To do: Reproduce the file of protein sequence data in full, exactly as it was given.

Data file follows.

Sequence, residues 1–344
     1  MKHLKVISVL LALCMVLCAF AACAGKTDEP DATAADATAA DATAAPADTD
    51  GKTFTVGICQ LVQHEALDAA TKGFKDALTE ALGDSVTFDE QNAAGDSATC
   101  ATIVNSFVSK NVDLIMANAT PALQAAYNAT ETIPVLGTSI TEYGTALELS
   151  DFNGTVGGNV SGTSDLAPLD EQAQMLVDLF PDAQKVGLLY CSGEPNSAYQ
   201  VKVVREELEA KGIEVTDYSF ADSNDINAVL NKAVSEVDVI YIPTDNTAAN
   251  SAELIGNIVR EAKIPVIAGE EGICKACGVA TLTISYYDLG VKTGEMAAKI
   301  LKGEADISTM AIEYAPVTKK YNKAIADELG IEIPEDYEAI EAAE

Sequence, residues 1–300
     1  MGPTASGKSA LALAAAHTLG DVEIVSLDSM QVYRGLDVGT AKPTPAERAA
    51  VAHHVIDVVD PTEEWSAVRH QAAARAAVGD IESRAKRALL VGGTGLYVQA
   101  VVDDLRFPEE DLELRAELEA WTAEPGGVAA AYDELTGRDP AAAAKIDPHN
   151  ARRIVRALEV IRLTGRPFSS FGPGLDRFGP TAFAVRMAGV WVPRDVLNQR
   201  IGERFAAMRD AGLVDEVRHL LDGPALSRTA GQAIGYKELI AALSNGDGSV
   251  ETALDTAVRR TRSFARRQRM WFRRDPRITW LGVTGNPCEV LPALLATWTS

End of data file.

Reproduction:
Sequence, residues 1–344
     1  MKHLKVISVL LALCMVLCAF AACAGKTDEP DATAADATAA DATAAPADTD
    51  GKTFTVGICQ LVQHEALDAA TKGFKDALTE ALGDSVTFDE QNAAGDSATC
   101  ATIVNSFVSK NVDLIMANAT PALQAAYNAT ETIPVLGTSI TEYGTALELS
   151  DFNGTVGGNV SGTSDLAPLD EQAQMLVDLF PDAQKVGLLY CSGEPNSAYQ
   201  VKVVREELEA KGIEVTDYSF ADSNDINAVL NKAVSEVDVI YIPTDNTAAN
   251  SAELIGNIVR EAKIPVIAGE EGICKACGVA TLTISYYDLG VKTGEMAAKI
   301  LKGEADISTM AIEYAPVTKK YNKAIADELG IEIPEDYEAI EAAE

Sequence, residues 1–300
     1  MGPTASGKSA LALAAAHTLG DVEIVSLDSM QVYRGLDVGT AKPTPAERAA
    51  VAHHVIDVVD PTEEWSAVRH QAAARAAVGD IESRAKRALL VGGTGLYVQA
   101  VVDDLRFPEE DLELRAELEA WTAEPGGVAA AYDELTGRDP AAAAKIDPHN
   151  ARRIVRALEV IRLTGRPFSS FGPGLDRFGP TAFAVRMAGV WVPRDVLNQR
   201  IGERFAAMRD AGLVDEVRHL LDGPALSRTA GQAIGYKELI AALSNGDGSV
   251  ETALDTAVRR TRSFARRQRM WFRRDPRITW LGVTGNPCEV LPALLATWTS